Release date
October 17, 2009
Michael Hill
Communications Officer, Sub-Saharan Africa
Baltimore, MD

Forum Highlights Progress in Combating HIV

October 17, 2009, —

By Michael Hill

Dr. Joe O'Neill began his talk on the progression and

successes of HIV care by paraphrasing one of Christianity's most revered saints.

Dr. Eric Goosby

Dr. Eric Goosby, the U.S. global AIDS coordinator, addresses attendees at the CRS HIV Continuum of Care Forum. Photo by Jim Stipe/CRS

"St. Francis said a long time ago that you start out

doing what's necessary, then you do what's possible, and someday you're doing

the impossible." O'Neill is considered the architect of the President's

Emergency Plan for AIDS Relief (PEPFAR), the Bush-era initiative that is

responsible for saving millions of lives around the world, particularly in Africa.

He was addressing Catholic Relief Services' forum on continuum of care for

people with HIV, held in Washington, D.C., over two days in September.

"If you think back to where we were 10 years ago,"

O'Neill said of the days before PEPFAR when AIDS was ravaging Africa, when a

diagnosis of HIV was considered a death sentence, "what we

are doing is the impossible."

Indeed, a decade ago, the idea that so many people in Africa

would be alive and living normal lives even while HIV-positive seemed beyond impossible.

But that is what PEPFAR funding, in the hands of agencies like CRS, has


Continuum of Care

The forum, which attracted nearly 200 people, showed that

doing this impossible work is not just a matter of handing out the lifesaving

antiretroviral pills that PEPFAR provides and expecting patients to take them.

That approach doesn't work anywhere and is especially ineffective in the

developing world where patients might be desperately poor. They barely find

enough to eat to stay alive. Gathering the extra food necessary to make their antiretroviral

drugs safe and effective is often impossible. Some with HIV are crowded in

horrific urban slums; others are spread out over a hardscrabble countryside.

For many, access to health care services can be limited at best.

CRS is part of AIDSRelief, a consortium of five institutions

that administers a $500-million PEPFAR grant in 10 countries, eight of them in

Africa. Using the knowledge of health care practitioners, the experience of

dedicated aid workers and the reach of the Catholic Church, AIDSRelief has a

very high percentage of HIV-positive patients who stay on their antiretroviral

treatment regimen and survive once they are on the medication—more than 90

percent. In fact, the percentage is higher than for similar programs in some

U.S. cities.

Focus on the Whole Person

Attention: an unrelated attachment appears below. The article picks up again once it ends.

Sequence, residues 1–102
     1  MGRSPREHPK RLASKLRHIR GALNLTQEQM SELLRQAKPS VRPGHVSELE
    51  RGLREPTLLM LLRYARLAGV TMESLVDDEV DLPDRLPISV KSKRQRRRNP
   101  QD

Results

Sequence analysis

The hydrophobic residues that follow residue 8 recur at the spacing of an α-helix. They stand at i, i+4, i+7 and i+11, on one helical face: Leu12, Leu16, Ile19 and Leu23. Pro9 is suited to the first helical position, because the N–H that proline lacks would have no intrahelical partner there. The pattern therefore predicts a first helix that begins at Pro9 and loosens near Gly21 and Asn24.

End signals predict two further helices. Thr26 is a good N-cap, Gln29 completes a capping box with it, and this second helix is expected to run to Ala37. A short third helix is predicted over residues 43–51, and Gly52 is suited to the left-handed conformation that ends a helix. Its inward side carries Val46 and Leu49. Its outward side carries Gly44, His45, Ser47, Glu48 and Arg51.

The forum documented AIDSRelief's work in a series of panels

that showed how basing care in communities, paying attention to details, and

keeping the focus on the whole person—not just this deadly virus—can lead to

tremendous success.

Christina Kateyaka and Danny Lundu

Christina Kateyaka and Danny Lundu are both living with HIV and attended the CRS HIV Continuum of Care Forum in Washington, D.C., in September 2009. Photo by Jim Stipe/CRS

In his welcoming remarks, CRS President Ken Hackett said

that Catholic social teaching informs all of CRS' work in the HIV area and is

fundamental to its success.

"We look at the economic, the social, the physical, the

cultural, the psychological and the spiritual dimensions of people, and we plan

our interventions with this complex reality in mind," Hackett said.

The respect for CRS' work in the HIV arena was evident from

those who came to speak. O'Neill was preceded by Dr. Robert Gallo, the

co-discoverer of HIV whose work provided the first results that showed that HIV

was the cause of AIDS. As director of the Institute of Human Virology at the

University of Maryland School of Medicine—one of CRS' partners in AIDSRelief—Gallo

continues to lead some of the most cutting-edge research in the field.

Gallo called the PEPFAR-funded work that CRS, AIDSRelief

partners and others are doing, "as noble and successful and historical a

program that I know of in the history of medicine."

'Voice to the Voiceless'

On the second day, welcoming remarks were given by Dr. Eric

Goosby, who as the U.S. global AIDS coordinator is essentially in charge of the

PEPFAR program that last year was renewed for another five years and $48

billion. Goosby called for using the PEPFAR model and funding to go beyond HIV

and AIDS treatment and build the ability of governments around the world to

take care of their own health care needs.

Later that day, a panel highlighted CRS' successes in